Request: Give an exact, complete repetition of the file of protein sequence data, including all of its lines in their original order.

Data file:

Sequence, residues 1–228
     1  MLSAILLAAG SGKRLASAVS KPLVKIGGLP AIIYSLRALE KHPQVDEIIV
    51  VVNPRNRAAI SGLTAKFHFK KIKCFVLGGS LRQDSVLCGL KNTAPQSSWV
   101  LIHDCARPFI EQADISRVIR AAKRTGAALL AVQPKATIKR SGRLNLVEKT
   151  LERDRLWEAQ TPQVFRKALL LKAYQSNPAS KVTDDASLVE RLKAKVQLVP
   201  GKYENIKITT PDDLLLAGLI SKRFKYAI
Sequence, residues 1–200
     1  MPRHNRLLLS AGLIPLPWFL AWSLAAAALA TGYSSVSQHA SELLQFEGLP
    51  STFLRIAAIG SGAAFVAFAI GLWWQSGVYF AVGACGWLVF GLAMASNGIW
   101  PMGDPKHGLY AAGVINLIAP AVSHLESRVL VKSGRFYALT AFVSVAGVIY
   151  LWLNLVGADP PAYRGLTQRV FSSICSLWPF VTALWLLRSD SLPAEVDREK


Sequence, residues 1–228
     1  MLSAILLAAG SGKRLASAVS KPLVKIGGLP AIIYSLRALE KHPQVDEIIV
    51  VVNPRNRAAI SGLTAKFHFK KIKCFVLGGS LRQDSVLCGL KNTAPQSSWV
   101  LIHDCARPFI EQADISRVIR AAKRTGAALL AVQPKATIKR SGRLNLVEKT
   151  LERDRLWEAQ TPQVFRKALL LKAYQSNPAS KVTDDASLVE RLKAKVQLVP
   201  GKYENIKITT PDDLLLAGLI SKRFKYAI
Sequence, residues 1–200
     1  MPRHNRLLLS AGLIPLPWFL AWSLAAAALA TGYSSVSQHA SELLQFEGLP
    51  STFLRIAAIG SGAAFVAFAI GLWWQSGVYF AVGACGWLVF GLAMASNGIW
   101  PMGDPKHGLY AAGVINLIAP AVSHLESRVL VKSGRFYALT AFVSVAGVIY
   151  LWLNLVGADP PAYRGLTQRV FSSICSLWPF VTALWLLRSD SLPAEVDREK